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Full Online Book HomeLong StoriesAwakening - Part 2 - Chapter 4
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Awakening - Part 2 - Chapter 4 Post by :runtonk Category :Long Stories Author :Leo Tolstoy Date :May 2012 Read :3582

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Awakening - Part 2 - Chapter 4


The crowd stood talking in front of the house of the bailiff, and as Nekhludoff approached, the conversation ceased and the peasants, like those of Kusminskoie, removed their caps. It was a coarser crowd than the peasants of Kusminskoie, and almost all the peasants wore bast shoes and homespun shirts and caftans. Some of them were bare-footed and only in their shirts.

With some effort Nekhludoff began his speech by declaring that he intended to surrender the land to them. The peasants were silent, and there was no change in the expression of their faces.

"Because I consider," said Nekhludoff, blushing, "that every man ought to have the right to use the land."

"Why, certainly." "That is quite right," voices of peasants were heard.

Nekhludoff continued, saying that the income from the land should be distributed among all, and he therefore proposed that they take the land and pay into the common treasury such rent as they may decide upon, such money to be used for their own benefit. Exclamations of consent and approbation continued to be heard, but the faces of the peasants became more and more grave, and the eyes that at first were fixed on the master were lowered, as if desiring not to shame him with the fact that his cunning was understood by all, and that he could not fool anybody.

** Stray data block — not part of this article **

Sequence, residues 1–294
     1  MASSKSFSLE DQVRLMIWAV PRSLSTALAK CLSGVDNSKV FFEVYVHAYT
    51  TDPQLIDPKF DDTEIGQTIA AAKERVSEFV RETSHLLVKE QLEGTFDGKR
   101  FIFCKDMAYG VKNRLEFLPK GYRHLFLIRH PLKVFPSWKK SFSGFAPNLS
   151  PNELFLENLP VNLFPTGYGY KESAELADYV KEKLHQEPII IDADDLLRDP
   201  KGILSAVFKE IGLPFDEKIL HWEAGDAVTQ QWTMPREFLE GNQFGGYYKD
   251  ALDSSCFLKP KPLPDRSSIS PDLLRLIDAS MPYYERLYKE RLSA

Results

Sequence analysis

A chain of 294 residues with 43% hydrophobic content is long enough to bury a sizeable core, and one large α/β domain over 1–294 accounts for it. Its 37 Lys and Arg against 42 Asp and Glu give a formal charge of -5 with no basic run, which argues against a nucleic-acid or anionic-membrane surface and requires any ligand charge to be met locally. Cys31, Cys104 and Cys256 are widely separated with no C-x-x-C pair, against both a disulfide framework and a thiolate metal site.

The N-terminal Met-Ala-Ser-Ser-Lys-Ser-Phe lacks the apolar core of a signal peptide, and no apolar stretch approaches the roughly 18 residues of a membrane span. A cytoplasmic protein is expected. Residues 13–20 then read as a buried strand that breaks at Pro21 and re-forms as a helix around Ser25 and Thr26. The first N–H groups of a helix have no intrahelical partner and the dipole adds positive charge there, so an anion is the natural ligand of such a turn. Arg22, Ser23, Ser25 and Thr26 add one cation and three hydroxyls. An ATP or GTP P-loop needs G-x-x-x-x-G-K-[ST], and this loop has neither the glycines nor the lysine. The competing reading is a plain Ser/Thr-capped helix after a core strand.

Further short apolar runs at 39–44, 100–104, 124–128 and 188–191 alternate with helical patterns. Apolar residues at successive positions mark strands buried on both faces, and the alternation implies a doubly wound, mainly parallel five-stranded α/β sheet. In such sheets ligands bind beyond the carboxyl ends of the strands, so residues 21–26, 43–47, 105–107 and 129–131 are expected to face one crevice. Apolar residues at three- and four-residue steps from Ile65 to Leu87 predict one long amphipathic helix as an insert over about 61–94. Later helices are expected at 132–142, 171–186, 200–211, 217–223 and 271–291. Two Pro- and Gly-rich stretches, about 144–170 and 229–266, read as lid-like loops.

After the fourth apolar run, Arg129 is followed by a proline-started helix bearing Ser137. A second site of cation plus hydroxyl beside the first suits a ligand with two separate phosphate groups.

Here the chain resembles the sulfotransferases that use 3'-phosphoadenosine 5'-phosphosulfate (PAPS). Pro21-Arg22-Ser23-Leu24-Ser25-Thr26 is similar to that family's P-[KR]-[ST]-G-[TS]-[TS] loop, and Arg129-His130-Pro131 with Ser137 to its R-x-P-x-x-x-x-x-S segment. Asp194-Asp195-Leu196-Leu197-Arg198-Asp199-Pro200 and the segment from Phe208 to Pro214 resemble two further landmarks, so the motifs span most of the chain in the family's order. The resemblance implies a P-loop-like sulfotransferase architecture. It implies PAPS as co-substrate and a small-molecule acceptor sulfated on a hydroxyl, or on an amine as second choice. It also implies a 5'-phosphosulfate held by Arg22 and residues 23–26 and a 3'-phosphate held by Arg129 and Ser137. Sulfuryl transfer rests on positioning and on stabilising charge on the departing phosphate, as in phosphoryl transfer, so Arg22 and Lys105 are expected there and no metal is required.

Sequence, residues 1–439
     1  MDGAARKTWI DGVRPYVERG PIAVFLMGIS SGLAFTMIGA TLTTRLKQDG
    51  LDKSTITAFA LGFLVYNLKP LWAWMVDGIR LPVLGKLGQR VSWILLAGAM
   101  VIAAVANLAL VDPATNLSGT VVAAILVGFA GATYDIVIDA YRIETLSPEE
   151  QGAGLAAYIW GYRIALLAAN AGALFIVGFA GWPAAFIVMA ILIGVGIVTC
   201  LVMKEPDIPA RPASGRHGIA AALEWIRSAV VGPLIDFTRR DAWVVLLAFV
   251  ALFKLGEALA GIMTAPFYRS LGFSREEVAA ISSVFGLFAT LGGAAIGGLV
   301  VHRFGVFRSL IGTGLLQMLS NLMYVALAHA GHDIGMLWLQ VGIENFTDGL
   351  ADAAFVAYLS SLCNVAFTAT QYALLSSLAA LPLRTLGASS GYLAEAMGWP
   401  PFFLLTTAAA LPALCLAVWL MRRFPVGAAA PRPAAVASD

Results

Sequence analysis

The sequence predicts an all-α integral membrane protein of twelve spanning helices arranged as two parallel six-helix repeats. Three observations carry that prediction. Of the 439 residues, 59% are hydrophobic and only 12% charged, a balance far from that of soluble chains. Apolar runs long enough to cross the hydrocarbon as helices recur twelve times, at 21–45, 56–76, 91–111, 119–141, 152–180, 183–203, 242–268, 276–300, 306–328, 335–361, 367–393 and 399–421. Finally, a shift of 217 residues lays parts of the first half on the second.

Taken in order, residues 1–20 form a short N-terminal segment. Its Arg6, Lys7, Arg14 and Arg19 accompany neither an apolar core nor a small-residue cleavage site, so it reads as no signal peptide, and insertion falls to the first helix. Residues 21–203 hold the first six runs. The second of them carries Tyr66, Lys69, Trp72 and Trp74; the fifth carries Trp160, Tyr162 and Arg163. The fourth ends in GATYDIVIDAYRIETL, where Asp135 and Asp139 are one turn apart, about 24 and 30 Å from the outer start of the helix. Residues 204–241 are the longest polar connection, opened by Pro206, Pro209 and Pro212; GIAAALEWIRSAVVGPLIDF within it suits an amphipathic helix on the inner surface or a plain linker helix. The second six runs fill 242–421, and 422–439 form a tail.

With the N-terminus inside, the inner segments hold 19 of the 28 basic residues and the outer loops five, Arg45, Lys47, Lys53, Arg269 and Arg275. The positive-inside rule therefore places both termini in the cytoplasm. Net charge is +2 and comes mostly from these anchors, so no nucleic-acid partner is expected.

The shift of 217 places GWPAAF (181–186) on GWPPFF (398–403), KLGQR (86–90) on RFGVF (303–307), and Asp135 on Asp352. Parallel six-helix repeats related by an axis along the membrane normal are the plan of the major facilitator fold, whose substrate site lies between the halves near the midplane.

Nekhludoff spoke very clearly, and the peasants were sensible folks; but he was not understood, and could not be understood by them for the same reason which prevented the clerk from understanding him for a long time. They were convinced that it was natural for every man to look out for his own interest. And as to the land owners, the experience of several generations had taught them long ago that these were always serving their own interests.

"Well, what rate do you intend to assess," asked Nekhludoff.

"Why assess? We cannot do that? The land is yours; it is for you to say," some in the crowd said.

"But understand that you are to use the money for the common wants."

"We cannot do it. The community is one thing, and this is another thing."

"You must understand," said the smiling clerk, wishing to explain the offer, "that the Prince is giving you the land for money which is to go into the community's treasury."

"We understand it very well," said a toothless old man without raising his eyes. "Something like a bank, only we must pay in time. We cannot do it; it is hard enough as it is. That will ruin us entirely."

"That is to no purpose. We would rather continue as before," said several dissatisfied and even rough voices.

The resistance was particularly hot when Nekhludoff mentioned that he would draw a contract which he himself and they would have to sign.

"What is the good of a contract? We will keep on working as we did before. We don't care for it. We are ignorant people."

"We cannot consent, because that is an uncustomary thing. Let it be as it was before. If you would only do away with the seed," several voices were heard.

"Doing away with the seed" meant that under the present regime the sowing-seed was chargeable to the peasants, and they asked that it be furnished by the master.

"So you refuse to take the land?" asked Nekhludoff, turning to a middle-aged, bare-footed peasant in tattered caftan and with a radiant face who held his cap straight in front of him, like a soldier hearing "Hats off!"

"Yes, sir," said this peasant.

"Then you have enough land?" asked Nekhludoff.

"No, sir," said the ex-soldier, with artificial cheerfulness, holding his torn cap before him, as though offering it to anyone deserving to take it.

"Think it over at your leisure," said the surprised Nekhludoff, again repeating his offer.